I use multiple devices and operating systems and while my development needs are not particularly heavy, and I can largely use the same tools across multiple systems, I don’t like the thought that I can’t seamlessly move between machines. I don’t trust that I haven’t forgotten to push local commits from one machine to remote and then I’m stuck doing the merge dance if I want to make any changes from another device. I use Linux, OSX and Windows all relatively often and I could conceivably wont to work on some projects on any of them.
I have also had very mixed experiences getting project dependancies up and running across different OS’s and devices. I’ve frequently used Jekyll for small web projects and especially on OSX, Ruby can be a mare to set up and configure. The appeal of having a pre-cooked environment on a remote machine that I can hook up my local VSCode instance to and carry on as normal is very compelling.
Recently I discovered that there is an immensely popular (over 11 million downloads at time of writing) add-on for VSCode that allows you to work with a remote file-system over SSH. Interesting. And particularly so as I was also reminded that the excellent Tailscale had recently enabled SSH over their tool. As it turns out there are some really simple steps we can take to get our secure, remote dev environment up and running.
Firstly, you will need to install Tailscale on any client machine you want to be able to access the development VM from, there are guides for virtually every OS on Tailscale’s site, including iOS and Android which is particularly useful if you are working on any web app projects and want to see how it looks on a mobile device.
I’m setting up my OSX machine as a client for now, so all I need to do is download the client from the App Store, create an account or sign in and thats the client node stet up.
Now thats done, we need our remote development machine to work from. Any device you have ownership of will do. By all means if you would prefer to use this method to connect to your ‘main’ computer from a laptop on the go, that works too. My use is split fairly evenly across several computers, so a VM running on a cloud provider works for me.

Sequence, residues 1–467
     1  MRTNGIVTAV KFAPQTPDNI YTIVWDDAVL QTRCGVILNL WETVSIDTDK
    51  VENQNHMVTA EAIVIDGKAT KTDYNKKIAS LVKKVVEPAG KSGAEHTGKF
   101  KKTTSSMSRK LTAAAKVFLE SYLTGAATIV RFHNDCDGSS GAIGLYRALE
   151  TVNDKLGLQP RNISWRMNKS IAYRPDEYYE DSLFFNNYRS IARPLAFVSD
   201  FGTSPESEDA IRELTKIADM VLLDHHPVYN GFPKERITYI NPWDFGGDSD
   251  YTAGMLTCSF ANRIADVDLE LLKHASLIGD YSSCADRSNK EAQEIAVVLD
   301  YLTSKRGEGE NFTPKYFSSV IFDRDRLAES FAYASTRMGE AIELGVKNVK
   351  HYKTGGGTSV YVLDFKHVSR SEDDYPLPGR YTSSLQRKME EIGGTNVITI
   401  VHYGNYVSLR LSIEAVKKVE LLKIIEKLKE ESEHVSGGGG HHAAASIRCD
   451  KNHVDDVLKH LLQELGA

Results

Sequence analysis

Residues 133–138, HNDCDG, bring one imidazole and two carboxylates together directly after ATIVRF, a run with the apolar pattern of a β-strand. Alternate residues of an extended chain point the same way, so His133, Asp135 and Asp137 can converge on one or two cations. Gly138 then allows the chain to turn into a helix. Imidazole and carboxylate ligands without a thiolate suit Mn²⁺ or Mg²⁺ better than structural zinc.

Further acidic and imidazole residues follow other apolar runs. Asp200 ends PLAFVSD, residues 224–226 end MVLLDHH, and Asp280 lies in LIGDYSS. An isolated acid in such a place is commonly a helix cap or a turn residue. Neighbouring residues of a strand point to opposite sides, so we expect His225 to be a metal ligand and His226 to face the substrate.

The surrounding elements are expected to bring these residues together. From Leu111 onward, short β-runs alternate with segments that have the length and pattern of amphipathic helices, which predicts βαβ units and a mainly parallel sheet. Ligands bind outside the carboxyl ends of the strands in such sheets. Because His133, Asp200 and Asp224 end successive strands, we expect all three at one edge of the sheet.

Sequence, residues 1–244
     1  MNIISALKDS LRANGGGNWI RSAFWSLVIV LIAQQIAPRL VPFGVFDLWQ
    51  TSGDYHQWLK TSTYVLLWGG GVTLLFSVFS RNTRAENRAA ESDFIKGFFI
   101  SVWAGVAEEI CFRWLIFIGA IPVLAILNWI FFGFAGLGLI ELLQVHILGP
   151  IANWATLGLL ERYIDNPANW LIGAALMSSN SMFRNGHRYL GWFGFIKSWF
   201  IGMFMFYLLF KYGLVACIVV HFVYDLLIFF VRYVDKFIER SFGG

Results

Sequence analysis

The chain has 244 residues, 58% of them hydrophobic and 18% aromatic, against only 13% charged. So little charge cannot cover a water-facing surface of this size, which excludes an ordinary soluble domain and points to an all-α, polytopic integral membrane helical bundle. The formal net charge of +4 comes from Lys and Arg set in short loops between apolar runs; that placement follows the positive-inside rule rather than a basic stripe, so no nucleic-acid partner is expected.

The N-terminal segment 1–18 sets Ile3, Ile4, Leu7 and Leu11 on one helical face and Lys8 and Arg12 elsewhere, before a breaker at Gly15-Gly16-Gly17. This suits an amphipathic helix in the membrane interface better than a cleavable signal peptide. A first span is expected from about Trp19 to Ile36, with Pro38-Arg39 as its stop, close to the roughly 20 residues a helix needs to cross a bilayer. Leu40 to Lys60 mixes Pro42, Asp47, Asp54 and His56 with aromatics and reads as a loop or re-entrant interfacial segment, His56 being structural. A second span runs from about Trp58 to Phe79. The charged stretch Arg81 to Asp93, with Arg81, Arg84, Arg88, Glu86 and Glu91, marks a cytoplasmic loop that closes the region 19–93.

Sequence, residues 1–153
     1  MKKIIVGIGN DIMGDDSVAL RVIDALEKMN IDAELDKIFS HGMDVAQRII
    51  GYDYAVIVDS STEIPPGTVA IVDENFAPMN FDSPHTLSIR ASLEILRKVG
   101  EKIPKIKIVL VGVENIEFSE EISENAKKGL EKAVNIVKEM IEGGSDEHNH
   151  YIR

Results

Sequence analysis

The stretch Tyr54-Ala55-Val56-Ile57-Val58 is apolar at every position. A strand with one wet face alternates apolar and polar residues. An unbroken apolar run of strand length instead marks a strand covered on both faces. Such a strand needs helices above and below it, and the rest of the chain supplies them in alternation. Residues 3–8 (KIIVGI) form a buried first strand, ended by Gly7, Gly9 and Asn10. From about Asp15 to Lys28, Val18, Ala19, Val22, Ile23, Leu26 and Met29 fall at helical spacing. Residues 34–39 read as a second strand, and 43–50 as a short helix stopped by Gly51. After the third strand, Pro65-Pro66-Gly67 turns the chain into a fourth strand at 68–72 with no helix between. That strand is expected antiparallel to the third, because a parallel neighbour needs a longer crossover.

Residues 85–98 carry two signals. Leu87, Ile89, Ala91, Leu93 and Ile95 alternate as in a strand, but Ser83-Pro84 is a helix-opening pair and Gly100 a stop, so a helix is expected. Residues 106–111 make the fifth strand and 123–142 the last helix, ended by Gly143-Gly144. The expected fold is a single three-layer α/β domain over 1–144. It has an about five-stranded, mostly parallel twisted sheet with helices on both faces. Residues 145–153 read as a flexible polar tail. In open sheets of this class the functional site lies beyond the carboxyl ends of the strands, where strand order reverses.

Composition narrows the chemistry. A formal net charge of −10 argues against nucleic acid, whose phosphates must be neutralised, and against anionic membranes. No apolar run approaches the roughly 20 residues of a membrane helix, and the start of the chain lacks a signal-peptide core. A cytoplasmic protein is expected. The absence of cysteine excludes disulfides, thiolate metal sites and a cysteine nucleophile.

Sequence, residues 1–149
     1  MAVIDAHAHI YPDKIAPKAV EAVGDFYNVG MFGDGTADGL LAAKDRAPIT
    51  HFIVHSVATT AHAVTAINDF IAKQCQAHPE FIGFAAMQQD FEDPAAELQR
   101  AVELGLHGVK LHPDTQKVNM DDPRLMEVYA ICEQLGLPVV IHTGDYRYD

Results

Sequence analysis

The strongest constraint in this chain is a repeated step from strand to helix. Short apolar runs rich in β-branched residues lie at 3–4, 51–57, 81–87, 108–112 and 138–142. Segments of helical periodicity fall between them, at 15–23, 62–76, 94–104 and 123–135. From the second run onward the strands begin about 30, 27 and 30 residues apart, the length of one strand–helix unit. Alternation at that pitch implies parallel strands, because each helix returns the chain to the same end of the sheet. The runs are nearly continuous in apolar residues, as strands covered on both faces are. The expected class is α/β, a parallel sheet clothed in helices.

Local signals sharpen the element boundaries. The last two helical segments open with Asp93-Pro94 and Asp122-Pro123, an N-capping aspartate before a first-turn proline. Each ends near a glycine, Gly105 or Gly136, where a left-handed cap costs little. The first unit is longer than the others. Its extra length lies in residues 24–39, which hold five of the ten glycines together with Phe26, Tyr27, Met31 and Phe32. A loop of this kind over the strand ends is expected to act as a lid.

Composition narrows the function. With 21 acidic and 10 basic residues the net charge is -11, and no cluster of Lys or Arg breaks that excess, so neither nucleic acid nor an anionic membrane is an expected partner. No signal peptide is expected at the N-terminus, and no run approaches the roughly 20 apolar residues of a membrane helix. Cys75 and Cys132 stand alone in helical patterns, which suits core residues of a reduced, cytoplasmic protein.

I decided to spin up a DigitalOcean Droplet as my dev machine, however there are a plethora of cloud hosting providers that you could also use, often with trial credits as well, allowing you to try this setup without paying a penny.
I navigated to the new Droplet page in the DigitalOcean console, selected a VM size and operating system I was comfortable with (Ubuntu 20) and configured remote access via SSH key for the initial setup. There are plenty of guides out there for generating your SSH keys if you haven’t done so already. Once you are happy with the settings for the machine we can create the Droplet and wait for it to be created, which shouldn’t take long.
On our Droplet, all I need to do is remote into the machine via DigitalOcean’s web terminal tool (Click on the newly created Droplet and select Access > Launch Droplet Console) and a new window will load with a console session to the new VM.
Now that we have access to our new machine, we will need to ensure there is a non-root user to do your development with. You can create a new user…
Once you have filled in some basic information for the new user you can and add the new user to the sudoer’s list…
usermod -aG sudo username
We can test this has worked by changing user to the newly created account and running whoami with sudo…
su - username sudo whoami
If the output says ‘root’ the new account has access to sudo and we can move to the next steps. If you are having trouble with this step it would be worth reviewing the /etc/sudoers file and ensure your new user account appears in the config with similar permissions…
username ALL=(ALL:ALL) ALL
Now we have access to our new machine and we have su-ed to our new developer account, we need to get Tailscale up and running… as before, refer back to the installation docs for the specific OS you have chosen for the development machine. Ubuntu is here.
Once installed we can run
sudo tailscale up --ssh
This will fire up the service with the extra SSH option. Once you have entered this command you will be prompted to authenticate the request by copying a URL from the terminal into a browser. Once authenticated, the Tailscale session will start and you should be able to SSH into the machine on the terminal using ‘ssh user@devbox’. You can check the Tailscale daemon is running using…
service tailscaled status
Right. Now we can now add the SSH plugin to VSCode. Once this is done, add our devbox as a new remote host and connect.
This will give you the ability to run dev web servers remotely and the VSCode plugin will tunnel the connection to your local machine so you are able to view your project ‘locally’ via http://127.0.0.1:3000.
There we go.
Potential next steps culd be ensuring backups are enabled on your VM’s hosing provider, and setting up things like GitHub CLI, and any remote development packages you may need.